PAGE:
5

According to WordPress Codex (here): admin_enqueue_scripts is the first action hooked into the admin scripts actions. Example Loading a CSS or JS files for all admin area: <?php //from functions.php //First solution : one file add_action( 'admin_enqueue_scripts', 'load_admin_style' ); function load_admin_style() { ...


5

Use wp_enqueue_style to add a print stylesheet, note the media parameter that lets you make it a print-specific stylesheet: function wpa_print_styles(){ wp_enqueue_style( 'wpa-print-style', get_stylesheet_directory_uri() . '/print-style.css', array(), '20130821', 'print' // print styles only ); } ...


5

Try this (will also handle HTTP vs HTTPS): function wpse_google_webfonts() { $protocol = is_ssl() ? 'https' : 'http'; $query_args = array( 'family' => 'Ubuntu+Condensed|Open+Sans:400italic,700italic,400,700', 'subset' => 'latin,latin-ext', ); wp_enqueue_style('google-webfonts', add_query_arg($query_args, ...


5

That would be because get_stylesheet_directory_uri only returns a value. If you want to echo it to to the screen you have to include echo or print. <img src="<?php echo get_stylesheet_directory_uri(); ?>/images/logo.jpg" /> bloginfo works fine as well, but when you do stylesheet_directory it's just a wrapper for get_stylesheet_directory_uri ...


5

I'm a little confused by your question, can you not simply use wp_enqueue_style, which you actually wrote into this threads heading(not sure if you know the function exists or not). wp_enqueue_style works in the same way as the wp_enqueue_script counterpart, but of course as you'd expect, enqueues stylesheets.. Here's a list of the enqueues i was able to ...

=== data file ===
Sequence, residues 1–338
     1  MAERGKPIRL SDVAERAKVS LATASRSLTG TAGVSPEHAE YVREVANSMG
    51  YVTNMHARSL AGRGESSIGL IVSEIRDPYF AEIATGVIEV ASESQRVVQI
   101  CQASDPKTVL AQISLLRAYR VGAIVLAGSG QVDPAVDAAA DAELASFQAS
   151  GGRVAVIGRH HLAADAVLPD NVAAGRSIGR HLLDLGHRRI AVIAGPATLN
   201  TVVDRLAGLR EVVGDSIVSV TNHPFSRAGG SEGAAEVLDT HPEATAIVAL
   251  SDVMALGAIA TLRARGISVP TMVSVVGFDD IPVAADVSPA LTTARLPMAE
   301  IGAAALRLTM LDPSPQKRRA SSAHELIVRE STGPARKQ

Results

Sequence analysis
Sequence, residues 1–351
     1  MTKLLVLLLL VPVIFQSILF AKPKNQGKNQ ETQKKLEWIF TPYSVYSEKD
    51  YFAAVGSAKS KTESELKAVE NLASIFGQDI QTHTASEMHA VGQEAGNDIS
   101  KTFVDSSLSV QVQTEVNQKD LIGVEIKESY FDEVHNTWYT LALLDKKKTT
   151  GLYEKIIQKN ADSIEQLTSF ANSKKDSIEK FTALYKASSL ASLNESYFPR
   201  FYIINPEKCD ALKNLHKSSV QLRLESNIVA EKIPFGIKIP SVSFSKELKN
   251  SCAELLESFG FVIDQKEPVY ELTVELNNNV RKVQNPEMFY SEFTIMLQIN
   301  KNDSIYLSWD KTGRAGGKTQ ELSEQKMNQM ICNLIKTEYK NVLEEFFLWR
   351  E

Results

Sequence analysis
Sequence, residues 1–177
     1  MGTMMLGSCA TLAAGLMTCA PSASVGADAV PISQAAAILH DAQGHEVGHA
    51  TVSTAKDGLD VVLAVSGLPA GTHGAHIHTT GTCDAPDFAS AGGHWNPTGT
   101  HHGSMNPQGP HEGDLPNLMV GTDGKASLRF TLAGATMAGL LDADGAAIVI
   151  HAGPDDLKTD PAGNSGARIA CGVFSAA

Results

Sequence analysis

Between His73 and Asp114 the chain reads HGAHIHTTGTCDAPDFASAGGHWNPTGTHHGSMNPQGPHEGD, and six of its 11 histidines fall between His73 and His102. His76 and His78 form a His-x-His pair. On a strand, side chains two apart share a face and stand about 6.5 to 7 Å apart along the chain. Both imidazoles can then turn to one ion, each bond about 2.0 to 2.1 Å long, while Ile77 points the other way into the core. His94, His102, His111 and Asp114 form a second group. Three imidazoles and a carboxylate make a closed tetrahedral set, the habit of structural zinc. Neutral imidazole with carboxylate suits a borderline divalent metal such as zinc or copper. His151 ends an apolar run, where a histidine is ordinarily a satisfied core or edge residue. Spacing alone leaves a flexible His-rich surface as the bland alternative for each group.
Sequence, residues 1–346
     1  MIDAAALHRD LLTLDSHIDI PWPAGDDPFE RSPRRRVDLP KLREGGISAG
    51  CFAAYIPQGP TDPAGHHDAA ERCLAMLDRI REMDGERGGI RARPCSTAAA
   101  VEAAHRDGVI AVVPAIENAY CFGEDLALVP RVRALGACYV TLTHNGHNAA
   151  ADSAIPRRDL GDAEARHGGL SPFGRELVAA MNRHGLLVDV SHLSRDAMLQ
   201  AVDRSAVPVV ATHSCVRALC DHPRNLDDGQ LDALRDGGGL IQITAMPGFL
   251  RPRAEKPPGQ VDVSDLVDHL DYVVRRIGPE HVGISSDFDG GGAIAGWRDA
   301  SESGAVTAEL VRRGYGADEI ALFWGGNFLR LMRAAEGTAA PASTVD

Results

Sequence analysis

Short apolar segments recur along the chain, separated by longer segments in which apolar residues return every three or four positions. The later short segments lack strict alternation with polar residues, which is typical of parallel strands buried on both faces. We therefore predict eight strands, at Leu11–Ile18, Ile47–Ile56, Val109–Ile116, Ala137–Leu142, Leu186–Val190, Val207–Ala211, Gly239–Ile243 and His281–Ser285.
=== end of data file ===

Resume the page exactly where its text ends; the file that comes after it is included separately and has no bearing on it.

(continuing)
5

At a guess I'd say you're linking to your stylesheet with a relative url like so: <link href="wp-content/themes/my-theme/style.css" rel="stylesheet" /> so when you end up anywhere other than the home page it's looking at the full URL plus the path indicated to your stylesheet. Make sure your stylesheet URL begins with a slash if you're putting it ...


5

Scribu has an excellent article on loading scripts in WordPress. Basically, if you need a script to load on every page, use the following code (blatantly copied from said article): add_action('template_redirect', 'add_my_script'); function add_my_script() { wp_enqueue_script('my-script', plugins_url('my-script.js', __FILE__), '1.0', true); } (I ...


5

Well, it is the same form, but it is moved to another place in the DOM tree. So you could create one style for just .comments #respond, and one for .comments .comment #respond for the moved reply form.


4

You could tack it into header.php as you suggested (although this is not really the proper way to do it, it is best to use WPs enqueue function as described here). When do you need these? All the time? You can enqueue scripts and styles to be used all the time, or on an as-needed/per template basis ...


4

get_stylesheet_directory_uri() returns a value, it doesn’t print anything. So you have to use: echo get_stylesheet_directory_uri(); get_template_part() is just a wrapper for locate_template(). But the latter has one advantage: It returns the path of the file it has found. Try the following: $path = locate_template( 'sidebar-front.php', TRUE ); echo ...


4

You can do this using Wordpress's handy body_class() function. Depending on whether and how it is used in your theme, it may already be giving you what you need. Here's how to find out: Check the source of your page to see if the <body> tag in your category archive pages has any classes containing your category slug: category-apple, category-area, ...